Activity: What Do We Do For A Living?

The aim of this activity is to examine the patterns of occupational development in the students’ families and in the community, making comparisons between them and suggesting implications for the future development of the community. Because of the need for privacy and the difficulties of talking about current economic states in the students’ families, we will restrict ourselves to the question of occupation in relation to the students themselves.

  • The students must prepare for this activity by examining the occupational story of their family through the last few generations. If the family came from another country during this period, the students should try to obtain information about the generation of immigrants and those following it. It is best to take only one side of the family, either the mother’s or the father’s.
  • Divide the board into a number of different vertical sections. Each student has a horizontal line running through all the vertical sections from right to left. Each student will tell something of the family situation in each specific generation, stating the occupation or profession of the people in question. If some have information reaching back about four generations, start with them and put the details about the fourth generation into one section. The students should try to supply information about both sexes of this generation. Move on to the section of the board dealing with the third generation, the second one, and finally, the current generation of the student’s parents. Mark clearly with a sign when the particular generation under discussion is one of immigrants. At the end of this exercise, you should have four columns under which you have listed a series of professions or occupations, with each family occupying one horizontal line. You may have marked some of these occupations or professions in each section with the immigrant sign.
  • Divide the group into smaller groups. They are researchers who must examine the basic data on the board very carefully. Each group must suggest as many general trends as they can find regarding the occupational information on the board. For example, one conclusion may be that we only see a trend toward professions in the third generation. Another suggestion may be that the women’s occupations have changed over time, with each generation showing a different percentage of working women.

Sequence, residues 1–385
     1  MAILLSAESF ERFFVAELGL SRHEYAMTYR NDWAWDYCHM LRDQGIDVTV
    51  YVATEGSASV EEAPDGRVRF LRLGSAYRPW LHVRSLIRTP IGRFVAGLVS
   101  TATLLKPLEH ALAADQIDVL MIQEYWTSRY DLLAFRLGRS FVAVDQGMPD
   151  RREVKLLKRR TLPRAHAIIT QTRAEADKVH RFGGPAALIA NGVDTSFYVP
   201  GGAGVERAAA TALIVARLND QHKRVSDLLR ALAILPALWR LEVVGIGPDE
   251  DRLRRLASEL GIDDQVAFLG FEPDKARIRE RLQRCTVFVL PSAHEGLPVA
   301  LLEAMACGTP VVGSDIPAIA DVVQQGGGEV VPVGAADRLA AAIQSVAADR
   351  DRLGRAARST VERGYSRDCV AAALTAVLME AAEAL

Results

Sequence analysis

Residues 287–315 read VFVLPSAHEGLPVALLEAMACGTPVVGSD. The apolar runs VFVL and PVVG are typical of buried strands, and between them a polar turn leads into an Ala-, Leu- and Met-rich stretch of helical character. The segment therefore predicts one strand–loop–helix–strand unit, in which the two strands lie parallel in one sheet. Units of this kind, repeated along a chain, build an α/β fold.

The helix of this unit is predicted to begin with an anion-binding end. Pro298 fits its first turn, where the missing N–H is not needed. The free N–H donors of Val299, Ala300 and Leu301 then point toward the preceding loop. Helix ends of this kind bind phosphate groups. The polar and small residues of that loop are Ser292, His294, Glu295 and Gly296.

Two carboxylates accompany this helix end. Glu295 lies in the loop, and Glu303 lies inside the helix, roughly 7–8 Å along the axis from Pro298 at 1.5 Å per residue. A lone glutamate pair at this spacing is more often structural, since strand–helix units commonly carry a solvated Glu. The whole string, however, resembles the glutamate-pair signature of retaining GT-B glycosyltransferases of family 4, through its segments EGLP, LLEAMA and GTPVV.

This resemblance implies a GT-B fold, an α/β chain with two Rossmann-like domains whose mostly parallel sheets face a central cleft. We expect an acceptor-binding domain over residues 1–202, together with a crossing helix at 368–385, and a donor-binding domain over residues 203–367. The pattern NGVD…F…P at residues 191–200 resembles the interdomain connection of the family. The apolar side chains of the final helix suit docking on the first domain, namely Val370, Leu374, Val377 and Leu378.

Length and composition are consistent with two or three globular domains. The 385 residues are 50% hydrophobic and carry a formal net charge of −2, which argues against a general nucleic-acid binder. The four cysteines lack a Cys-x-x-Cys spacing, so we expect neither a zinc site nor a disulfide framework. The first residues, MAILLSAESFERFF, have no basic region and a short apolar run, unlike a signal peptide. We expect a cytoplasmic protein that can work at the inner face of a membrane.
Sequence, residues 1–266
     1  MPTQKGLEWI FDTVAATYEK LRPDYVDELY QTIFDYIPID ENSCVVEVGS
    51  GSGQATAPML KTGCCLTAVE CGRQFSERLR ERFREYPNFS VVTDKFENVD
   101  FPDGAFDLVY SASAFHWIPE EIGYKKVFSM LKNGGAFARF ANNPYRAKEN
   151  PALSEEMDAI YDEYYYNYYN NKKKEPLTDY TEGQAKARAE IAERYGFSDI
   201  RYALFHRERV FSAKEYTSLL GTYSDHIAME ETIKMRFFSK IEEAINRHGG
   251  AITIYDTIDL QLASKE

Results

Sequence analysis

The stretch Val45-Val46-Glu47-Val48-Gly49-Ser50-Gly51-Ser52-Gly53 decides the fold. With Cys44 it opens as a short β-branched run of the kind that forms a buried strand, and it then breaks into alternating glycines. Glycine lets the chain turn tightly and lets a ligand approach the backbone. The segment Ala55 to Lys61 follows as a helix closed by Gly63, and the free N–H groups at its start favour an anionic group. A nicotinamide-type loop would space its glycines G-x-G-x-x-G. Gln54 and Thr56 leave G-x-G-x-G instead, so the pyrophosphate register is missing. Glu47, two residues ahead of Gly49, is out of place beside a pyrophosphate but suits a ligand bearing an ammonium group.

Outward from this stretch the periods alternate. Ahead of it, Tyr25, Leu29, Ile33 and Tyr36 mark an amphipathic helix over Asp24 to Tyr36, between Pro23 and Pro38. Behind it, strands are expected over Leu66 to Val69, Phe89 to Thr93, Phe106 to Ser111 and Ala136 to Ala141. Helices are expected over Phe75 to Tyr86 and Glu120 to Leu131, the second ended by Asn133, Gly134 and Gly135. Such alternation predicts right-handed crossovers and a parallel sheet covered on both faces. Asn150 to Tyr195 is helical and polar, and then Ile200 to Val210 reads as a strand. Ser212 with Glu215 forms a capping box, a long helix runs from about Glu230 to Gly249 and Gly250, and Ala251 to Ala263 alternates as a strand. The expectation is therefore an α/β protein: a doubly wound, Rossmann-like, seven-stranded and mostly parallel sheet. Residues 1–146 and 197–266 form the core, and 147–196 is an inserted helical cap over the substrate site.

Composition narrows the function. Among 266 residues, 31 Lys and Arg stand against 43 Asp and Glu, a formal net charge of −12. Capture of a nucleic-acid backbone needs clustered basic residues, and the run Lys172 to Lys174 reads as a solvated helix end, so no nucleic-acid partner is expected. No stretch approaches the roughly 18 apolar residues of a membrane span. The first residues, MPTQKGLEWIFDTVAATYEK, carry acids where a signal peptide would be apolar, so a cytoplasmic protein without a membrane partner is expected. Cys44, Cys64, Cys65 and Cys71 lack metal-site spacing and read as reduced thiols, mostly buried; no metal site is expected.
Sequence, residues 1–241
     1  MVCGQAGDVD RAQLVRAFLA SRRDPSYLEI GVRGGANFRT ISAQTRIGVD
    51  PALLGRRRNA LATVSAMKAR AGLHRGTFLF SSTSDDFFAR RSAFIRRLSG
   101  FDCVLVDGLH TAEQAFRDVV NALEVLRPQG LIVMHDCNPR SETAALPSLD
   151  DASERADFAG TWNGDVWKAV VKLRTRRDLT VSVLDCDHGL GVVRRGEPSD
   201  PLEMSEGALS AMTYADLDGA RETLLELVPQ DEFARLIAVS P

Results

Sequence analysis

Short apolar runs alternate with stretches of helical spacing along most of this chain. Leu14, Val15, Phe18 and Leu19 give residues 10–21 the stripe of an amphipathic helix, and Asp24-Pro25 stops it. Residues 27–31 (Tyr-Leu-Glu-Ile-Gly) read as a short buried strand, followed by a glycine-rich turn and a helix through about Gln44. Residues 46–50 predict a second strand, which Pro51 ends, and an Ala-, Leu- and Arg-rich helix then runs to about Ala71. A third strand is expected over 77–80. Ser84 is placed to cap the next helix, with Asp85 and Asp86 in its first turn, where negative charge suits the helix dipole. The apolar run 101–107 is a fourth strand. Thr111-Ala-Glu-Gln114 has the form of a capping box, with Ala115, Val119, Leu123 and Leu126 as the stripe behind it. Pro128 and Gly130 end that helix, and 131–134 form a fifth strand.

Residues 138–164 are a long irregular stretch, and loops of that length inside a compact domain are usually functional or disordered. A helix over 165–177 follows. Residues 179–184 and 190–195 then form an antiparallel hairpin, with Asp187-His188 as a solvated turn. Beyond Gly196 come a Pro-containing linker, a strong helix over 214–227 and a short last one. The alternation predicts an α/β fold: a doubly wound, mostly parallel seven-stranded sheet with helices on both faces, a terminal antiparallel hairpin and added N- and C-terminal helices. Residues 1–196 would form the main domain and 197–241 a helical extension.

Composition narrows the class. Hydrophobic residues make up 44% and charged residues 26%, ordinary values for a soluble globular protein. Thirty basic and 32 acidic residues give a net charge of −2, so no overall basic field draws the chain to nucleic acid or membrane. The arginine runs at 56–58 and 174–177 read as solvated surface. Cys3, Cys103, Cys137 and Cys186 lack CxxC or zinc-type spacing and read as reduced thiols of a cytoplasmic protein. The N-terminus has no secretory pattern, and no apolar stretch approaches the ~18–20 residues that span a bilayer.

• Now bring the class back together and list the trends suggested, examining whether these suggestions are borne out by the information on the board. Each person should write the list of trends that the class has accepted as valid.
  • Discuss with the group whether the trends that seem to characterize the class should be considered correct for the entire community. Do the families in the class represent a general cross-section of the families in the community? Are there significant sections of the community that are not represented? How may those sections change the general picture?
  • Back in their small groups, the student should now discuss the implications of these trends and of any extra information regarding the non-representative character of the class. They should now prepare a general report showing the changes in the community structure that the trends reflect.
  • Back together with the entire class, each group should explain its position. Now explain the usually accepted model of Jewish post-immigrant communities, as outlined above. Is this the model reflected in your community? If not, why may this be the case?
  • At the end of this part of the discussion, you should ask the group additional questions. Do they see as positive the general trends that they think they have identified? Do they expect these trends to continue? What predictions may they make for the future of the community from an economic/occupational point of view in another generation’s time?


 

 

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10 Dec 2006 / 19 Kislev 5767 0